Reports had circulated late in the spring that Andre Villas-Boas was willing to unload the versatile Dempsey, in part because he was too, well, versatile. The manager prefers specialists for White Hart Lane duty. It was logical to assume that playing time for Dempsey wasn’t going to improve significantly, although it might have remained static.

(MORE: Spurs confirm Dempsey’s sale to Major League Soccer)

Bottom line here, he is moving from a place where minutes where hardly guaranteed, into an address where he is a lead-pipe lock for starts and playing time. With 34 MLS matches, plus playoffs, U.S. Open Cup, potential CONCACAF Champions League contests and the lucrative, high-profile exhibitions Seattle can command, Dempsey is likely to feature in 40-plus matches a year.

(And by the way, have you been to a match at CenturyLink? That place rocks. Eat your heart out Euro soccer snobs … contests at Seattle’s downtown ground easily match the electricity at most grounds of the Old World.)

Yes, the standard is lower in MLS. But what does “standard” matter in the event that Dempsey’s minutes began declining around White Hart Lane. Who knows what he was being told by Villas-Boas with regard to how the minutes would be parsed with Spurs?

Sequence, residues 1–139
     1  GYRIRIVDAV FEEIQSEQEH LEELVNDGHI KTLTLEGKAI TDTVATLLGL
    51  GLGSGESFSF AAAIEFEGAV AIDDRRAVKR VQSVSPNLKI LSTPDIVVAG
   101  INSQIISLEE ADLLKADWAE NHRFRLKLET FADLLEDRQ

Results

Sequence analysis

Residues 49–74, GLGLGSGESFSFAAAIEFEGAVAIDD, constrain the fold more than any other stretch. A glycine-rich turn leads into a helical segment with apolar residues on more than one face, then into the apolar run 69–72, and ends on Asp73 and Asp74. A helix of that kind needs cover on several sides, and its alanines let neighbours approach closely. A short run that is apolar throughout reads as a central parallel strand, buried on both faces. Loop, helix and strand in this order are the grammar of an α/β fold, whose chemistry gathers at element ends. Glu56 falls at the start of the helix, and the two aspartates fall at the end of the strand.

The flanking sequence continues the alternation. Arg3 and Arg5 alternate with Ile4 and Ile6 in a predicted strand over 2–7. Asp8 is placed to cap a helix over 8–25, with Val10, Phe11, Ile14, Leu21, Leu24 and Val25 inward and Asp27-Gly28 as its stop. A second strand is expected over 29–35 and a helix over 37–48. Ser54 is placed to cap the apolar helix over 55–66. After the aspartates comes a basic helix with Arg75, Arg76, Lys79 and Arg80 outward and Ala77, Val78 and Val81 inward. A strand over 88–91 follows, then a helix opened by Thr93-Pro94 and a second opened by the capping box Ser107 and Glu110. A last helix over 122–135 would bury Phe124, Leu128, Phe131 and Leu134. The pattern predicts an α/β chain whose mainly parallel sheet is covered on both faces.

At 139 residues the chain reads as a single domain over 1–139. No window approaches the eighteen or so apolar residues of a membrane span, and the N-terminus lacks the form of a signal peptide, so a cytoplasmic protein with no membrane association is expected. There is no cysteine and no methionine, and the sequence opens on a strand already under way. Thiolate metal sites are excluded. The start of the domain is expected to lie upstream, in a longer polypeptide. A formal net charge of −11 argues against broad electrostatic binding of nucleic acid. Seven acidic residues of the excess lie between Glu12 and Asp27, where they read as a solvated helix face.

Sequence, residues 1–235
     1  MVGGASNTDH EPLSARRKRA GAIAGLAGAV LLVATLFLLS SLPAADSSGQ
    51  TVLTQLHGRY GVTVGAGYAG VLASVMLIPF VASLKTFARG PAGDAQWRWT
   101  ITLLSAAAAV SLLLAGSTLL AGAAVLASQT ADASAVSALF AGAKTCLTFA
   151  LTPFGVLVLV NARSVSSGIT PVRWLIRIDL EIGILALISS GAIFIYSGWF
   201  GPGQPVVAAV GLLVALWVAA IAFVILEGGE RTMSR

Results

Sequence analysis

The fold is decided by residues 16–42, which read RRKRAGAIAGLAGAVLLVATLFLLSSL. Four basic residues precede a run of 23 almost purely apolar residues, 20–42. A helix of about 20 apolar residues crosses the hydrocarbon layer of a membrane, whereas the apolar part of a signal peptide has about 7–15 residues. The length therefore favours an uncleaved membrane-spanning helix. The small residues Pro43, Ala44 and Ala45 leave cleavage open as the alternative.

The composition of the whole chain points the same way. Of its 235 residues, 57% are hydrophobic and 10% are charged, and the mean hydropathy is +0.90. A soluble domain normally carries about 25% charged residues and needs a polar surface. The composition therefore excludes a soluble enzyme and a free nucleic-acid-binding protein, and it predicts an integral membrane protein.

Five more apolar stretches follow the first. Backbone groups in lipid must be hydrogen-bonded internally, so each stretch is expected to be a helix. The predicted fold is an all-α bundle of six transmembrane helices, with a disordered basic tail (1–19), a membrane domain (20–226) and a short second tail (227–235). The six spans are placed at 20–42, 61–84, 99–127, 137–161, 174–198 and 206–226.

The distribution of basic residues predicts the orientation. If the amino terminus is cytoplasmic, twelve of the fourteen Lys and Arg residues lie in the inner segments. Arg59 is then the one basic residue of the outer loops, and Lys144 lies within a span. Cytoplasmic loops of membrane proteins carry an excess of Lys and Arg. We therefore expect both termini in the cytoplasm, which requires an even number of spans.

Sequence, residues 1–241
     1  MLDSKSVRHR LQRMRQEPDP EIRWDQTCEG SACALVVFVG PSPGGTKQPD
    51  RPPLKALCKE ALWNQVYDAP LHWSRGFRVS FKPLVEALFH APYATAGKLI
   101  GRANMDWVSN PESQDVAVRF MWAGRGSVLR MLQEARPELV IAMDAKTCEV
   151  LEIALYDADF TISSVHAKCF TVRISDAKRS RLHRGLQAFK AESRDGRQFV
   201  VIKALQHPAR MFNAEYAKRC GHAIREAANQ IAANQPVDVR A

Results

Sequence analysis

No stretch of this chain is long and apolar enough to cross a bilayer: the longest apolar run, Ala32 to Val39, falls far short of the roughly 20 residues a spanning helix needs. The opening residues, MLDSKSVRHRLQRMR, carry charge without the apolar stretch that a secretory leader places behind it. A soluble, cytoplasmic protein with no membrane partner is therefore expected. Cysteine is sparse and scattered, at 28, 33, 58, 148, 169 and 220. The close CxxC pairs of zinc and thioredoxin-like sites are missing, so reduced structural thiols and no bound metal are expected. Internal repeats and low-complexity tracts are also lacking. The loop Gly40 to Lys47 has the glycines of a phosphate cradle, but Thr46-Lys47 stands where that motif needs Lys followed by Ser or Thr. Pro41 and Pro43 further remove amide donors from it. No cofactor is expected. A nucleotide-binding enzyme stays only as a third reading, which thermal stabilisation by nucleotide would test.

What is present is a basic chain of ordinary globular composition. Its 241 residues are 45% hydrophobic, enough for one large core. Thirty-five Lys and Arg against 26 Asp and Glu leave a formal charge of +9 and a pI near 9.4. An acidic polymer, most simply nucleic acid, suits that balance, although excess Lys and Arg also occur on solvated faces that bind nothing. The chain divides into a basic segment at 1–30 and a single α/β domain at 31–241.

Again, we can have conversations about whether this move will squeeze the best from Jurgen Klinsmann’s top choice striker / attacking midfielder. That’s fair.

But any failure to at least consider why the man would make such a move is probably rooted in one thing: European soccer snobbery, this notion that American professional soccer isn’t worth the grass that it’s being played on – or the artificial surface, I suppose.

Major League Soccer is not the Premier League, clearly. But up to four other U.S. starters next year in Brazil could be MLS men, so it’s not like this is something rare.

Athletes cannot be blamed for doing what is best for themselves and their families. If a few U.S. fans are disappointed because they won’t get to see their hero in a Premier League shirt, that’s on them, not on Dempsey.

UEFA playoff draw sets up intriguing battles

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The fight for the final four 2018 World Cup spots from UEFA is well and truly on.

On Tuesday in Zurich, Switzerland the draw for the two-legged playoffs was made as the eight best runners up from the UEFA qualifying group stages found out their fate.